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How to transfer property to a LLC

We’re Just Not Annoying®

transfer property to a LLC

Transferring assets into your new LLC can be a cumbersome process. A great option is to have us form an LLC for you, and then take all the LLC papers into your local attorney and have them draft the bills of sale and help you through the process of transferring assets into the LLC. You can even take in some of our templates here so they have a base place to start off of. If your assets are titled items it will take issuing bills of sale and refiling title work and deeds of trust with your county DMV and county property recorder. If they are untitled items such as cash and other assets, it’s as simple as creating a bill of sale.

Here’s some free templates:

Documenting these items with a certified date is the most important thing to avoid fraudulent transfers. You don’t give these documents to anyone. They are all private documents, but having a notarized signature on each bill of sale, gives the documents a certified date, should a question ever arise in the future.We recommend getting these documents ready for signing, and then actually going down to your bank and asking a banker to notarize your signature or anywhere where you can get a notary to stamp your signatures.

What is a fraudulent transfer of assets?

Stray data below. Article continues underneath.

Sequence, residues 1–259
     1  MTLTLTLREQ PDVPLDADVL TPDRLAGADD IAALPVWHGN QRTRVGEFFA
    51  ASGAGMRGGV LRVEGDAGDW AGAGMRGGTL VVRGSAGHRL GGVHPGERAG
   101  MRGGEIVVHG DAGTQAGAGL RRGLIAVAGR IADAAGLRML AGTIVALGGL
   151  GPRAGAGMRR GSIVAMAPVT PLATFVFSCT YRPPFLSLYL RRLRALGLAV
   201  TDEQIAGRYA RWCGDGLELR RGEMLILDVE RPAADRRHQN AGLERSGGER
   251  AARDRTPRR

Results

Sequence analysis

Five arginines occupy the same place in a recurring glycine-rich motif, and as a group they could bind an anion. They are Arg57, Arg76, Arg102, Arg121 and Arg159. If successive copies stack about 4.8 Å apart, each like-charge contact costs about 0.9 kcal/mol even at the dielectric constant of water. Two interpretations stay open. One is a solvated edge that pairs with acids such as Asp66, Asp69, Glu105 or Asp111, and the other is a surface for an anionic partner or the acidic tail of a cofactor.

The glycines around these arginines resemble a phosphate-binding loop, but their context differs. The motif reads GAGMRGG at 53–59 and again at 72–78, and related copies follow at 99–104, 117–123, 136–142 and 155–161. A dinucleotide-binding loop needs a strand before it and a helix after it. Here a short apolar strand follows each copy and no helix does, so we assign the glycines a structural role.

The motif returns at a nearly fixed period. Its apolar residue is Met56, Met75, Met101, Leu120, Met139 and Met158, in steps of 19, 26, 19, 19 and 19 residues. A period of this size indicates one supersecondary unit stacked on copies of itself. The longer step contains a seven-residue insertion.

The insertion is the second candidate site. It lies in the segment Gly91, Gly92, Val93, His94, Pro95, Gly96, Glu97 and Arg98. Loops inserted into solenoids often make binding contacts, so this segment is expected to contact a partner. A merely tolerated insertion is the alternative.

If you already have a debt you owe and you cannot pay it, you can’t just swap assets and money around to hide. If you have a judgment on you that you don’t want to pay, you can’t just clear out your bank account and not pay it. There is a MASSIVE misconception that people can just form a holding company, move some assets and money into it and not pay their debts. While you may be able to pull this off for the short term, you will get HAMMERED if this comes out in court. Shuffling money around to specifically avoid a debt is called a fraudulent conveyance of assets, or a fraudulent transfer of assets.

What if I have just normal debts?

If you’re not in default, you have normal debts, and you’re making your payments or paying people you owe without problem, you should be totally fine transferring assets into an LLC. Now, let’s say you’re paying your debts now, move a bunch of assets into an LLC, and then stop paying… That’s no good. Let’s say you stop paying even 4 years from now; a court would probably still void out your transfers and force you to unwind the LLC. The key is time and circumstances. If you moved assets for a legitimate purpose like restructuring your assets and you’re not trying to fraudulently defraud people, you have a great chance at having asset transfers into an LLC be a legit transfer.

What if I already have a judgment?

You should not be transferring assets around. You’re playing with fire. You should be working with your local attorney for each and every step you make. We all make financial mistakes. We can help you start a new LLC to start over, but you REALLY shouldn’t mingle it with old business and you definitely shouldn’t go transferring assets into it unless your attorney advises you to, and if your attorney advises you to do transfers, we’d recommend you get a second opinion.

 

If you’ve already formed an LLC, you can switch the registered agent to us, so you can use all these templates and many more to maintain your company. If you’d like to change registered agents you can order below:

You can then use our mail forwarding service to get a Wyoming LLC bank account or a bank account in any state.

If you’re just getting into LLC asset protection and asset protection in general, we can form a Wyoming LLC for you for $100. We will also act as your Wyoming registered agent.

Corporate Compliance
by Local Corporate Guides®